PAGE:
Recently it has been the service sector that is being affected by technology. A revolution in communications and the development of the internet have greatly altered the way in which the service sector operates. With increasing numbers of people banking on-line, banks can close branches. Amazon does not require the salesforce that a Borders does. Legal, medical and tax advice are available on the internet. Planes can be flown remotely. Computer-driven algorithmic programs are replacing traders. On-line gaming will impact casinos. Electronic record keeping is negating the need for file clerks. While skeptics worry about poor or bad information, it is difficult to conceive of an industry that has not been touched by this creative destruction – a process that, no matter how individually painful, is natural to progress. When problems arise they will be addressed. We are not going backward.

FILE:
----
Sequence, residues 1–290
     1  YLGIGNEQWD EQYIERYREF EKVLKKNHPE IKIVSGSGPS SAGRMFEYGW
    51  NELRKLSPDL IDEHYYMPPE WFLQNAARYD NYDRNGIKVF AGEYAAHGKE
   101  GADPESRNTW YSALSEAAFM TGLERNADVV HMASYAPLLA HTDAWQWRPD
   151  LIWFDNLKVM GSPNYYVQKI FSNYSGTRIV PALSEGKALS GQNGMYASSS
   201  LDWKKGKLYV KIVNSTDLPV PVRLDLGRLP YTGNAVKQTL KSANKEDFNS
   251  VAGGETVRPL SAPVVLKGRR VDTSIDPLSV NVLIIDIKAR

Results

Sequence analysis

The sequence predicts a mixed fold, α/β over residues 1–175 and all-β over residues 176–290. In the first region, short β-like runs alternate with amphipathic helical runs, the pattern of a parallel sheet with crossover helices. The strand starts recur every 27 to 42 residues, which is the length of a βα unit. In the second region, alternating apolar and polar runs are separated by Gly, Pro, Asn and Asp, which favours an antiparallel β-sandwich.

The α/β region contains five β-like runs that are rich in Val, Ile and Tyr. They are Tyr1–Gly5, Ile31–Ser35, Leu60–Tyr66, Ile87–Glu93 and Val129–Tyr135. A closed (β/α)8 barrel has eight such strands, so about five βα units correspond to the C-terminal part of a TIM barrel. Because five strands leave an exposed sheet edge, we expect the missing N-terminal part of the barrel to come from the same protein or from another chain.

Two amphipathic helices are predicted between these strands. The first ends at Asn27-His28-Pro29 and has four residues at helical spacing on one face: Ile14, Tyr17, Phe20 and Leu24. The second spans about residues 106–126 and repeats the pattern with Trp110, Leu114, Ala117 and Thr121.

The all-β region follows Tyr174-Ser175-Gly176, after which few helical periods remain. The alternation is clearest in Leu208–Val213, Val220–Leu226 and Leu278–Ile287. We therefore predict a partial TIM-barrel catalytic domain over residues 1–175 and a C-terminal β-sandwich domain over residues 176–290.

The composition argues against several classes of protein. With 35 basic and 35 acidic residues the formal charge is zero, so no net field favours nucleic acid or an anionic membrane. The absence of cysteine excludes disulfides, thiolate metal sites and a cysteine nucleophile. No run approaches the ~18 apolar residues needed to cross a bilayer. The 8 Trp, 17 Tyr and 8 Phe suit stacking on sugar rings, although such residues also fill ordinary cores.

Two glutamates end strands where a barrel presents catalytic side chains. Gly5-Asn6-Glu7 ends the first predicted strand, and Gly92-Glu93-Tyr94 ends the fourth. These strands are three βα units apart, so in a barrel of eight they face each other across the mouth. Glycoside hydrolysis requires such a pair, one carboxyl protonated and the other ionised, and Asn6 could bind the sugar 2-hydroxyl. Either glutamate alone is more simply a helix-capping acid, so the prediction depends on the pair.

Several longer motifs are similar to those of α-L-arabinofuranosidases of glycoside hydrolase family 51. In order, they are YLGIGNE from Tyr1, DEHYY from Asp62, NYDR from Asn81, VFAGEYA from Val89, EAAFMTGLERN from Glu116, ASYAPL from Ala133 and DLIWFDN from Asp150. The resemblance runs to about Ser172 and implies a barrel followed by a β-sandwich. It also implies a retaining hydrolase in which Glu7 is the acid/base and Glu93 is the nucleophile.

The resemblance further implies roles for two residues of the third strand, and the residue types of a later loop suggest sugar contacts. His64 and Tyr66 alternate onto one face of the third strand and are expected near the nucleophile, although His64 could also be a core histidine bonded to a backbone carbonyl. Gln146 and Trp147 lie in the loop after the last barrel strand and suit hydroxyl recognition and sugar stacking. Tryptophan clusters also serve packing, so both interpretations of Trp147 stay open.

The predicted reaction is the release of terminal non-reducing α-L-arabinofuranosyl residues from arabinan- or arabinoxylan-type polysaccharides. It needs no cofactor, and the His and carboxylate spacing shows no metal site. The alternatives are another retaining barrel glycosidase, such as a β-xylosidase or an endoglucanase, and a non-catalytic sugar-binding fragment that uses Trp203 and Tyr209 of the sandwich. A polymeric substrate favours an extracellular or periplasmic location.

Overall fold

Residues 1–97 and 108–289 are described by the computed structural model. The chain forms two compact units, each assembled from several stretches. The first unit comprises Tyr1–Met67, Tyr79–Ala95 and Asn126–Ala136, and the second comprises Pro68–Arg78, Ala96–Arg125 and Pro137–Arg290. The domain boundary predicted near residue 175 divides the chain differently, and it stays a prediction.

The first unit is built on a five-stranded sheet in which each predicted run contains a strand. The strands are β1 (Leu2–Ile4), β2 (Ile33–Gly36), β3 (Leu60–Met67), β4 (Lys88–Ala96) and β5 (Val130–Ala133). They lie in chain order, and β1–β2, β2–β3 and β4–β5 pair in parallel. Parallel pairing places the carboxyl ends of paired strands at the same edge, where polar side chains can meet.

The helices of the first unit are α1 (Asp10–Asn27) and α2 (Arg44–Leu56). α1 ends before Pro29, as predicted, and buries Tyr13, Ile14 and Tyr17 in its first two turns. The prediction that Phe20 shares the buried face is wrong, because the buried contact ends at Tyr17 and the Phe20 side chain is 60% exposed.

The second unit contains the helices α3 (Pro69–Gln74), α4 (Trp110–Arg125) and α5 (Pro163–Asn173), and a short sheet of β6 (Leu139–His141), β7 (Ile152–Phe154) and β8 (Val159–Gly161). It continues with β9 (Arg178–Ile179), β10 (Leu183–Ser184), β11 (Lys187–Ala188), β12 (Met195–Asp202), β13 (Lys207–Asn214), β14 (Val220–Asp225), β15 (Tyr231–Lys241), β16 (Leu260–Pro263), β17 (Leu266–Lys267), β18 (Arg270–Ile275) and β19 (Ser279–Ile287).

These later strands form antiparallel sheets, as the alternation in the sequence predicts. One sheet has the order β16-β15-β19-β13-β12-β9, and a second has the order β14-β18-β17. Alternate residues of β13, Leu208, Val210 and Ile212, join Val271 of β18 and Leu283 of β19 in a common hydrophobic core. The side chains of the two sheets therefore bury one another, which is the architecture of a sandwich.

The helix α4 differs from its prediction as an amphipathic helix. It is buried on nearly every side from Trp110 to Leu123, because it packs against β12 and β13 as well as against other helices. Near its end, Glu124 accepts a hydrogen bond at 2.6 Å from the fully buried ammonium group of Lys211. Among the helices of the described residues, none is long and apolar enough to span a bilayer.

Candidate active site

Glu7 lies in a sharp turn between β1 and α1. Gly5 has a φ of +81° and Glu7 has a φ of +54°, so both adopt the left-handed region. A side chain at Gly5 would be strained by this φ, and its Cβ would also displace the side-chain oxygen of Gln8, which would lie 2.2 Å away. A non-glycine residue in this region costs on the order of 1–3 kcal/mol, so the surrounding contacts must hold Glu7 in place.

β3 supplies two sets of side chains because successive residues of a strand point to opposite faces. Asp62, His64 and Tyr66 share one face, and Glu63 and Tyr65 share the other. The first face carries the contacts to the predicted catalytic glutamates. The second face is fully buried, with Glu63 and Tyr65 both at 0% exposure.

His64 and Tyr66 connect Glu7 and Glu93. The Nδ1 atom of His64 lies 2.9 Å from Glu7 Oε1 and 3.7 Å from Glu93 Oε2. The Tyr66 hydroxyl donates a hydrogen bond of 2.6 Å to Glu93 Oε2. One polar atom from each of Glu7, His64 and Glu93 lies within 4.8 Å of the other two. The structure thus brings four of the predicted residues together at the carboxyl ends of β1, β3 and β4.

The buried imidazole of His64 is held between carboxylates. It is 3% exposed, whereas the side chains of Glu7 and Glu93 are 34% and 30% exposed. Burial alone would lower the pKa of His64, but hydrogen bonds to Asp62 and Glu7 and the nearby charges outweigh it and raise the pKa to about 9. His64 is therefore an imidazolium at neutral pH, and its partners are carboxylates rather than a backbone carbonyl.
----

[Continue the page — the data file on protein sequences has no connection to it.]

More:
None of this is new. Change of this nature has been a part of life since the start of the Industrial Revolution. Thousands of home-based producers, from bakers to milliners were made obsolete as factories opened in cities almost two hundred years ago. Railroads bankrupted canal and stage coach operators late in the first half of the 19th Century. Fifty years later, autos, trucks and airplanes began to have the same effect on railroads. In fact there are those who suggest that societal changes brought about by electricity and autos at the turn of the last century were far greater than the change we are now undergoing. In 1910, farm workers represented 40% of America’s labor force. Fifteen years later, only a third of working Americans were on farms. Today, it is under two percent. The move from hayfield to factory floor to MacDonald’s took about 175 years. The past is no guide to the future, but it does provide perspective.

Going forward, I suspect entrepreneurship will gain in importance, with the caveat that government does not impede its blossoming. Despite Yahoo’s Marissa Meyer’s recent statement, it could well be that we will move back toward a system of small, home-based businesses. Certainly, the internet and communications would allow it. Interestingly, as an aside, I was told last Friday that the fastest growing sector of the job market is the growth in farm workers! But it is from a very low level.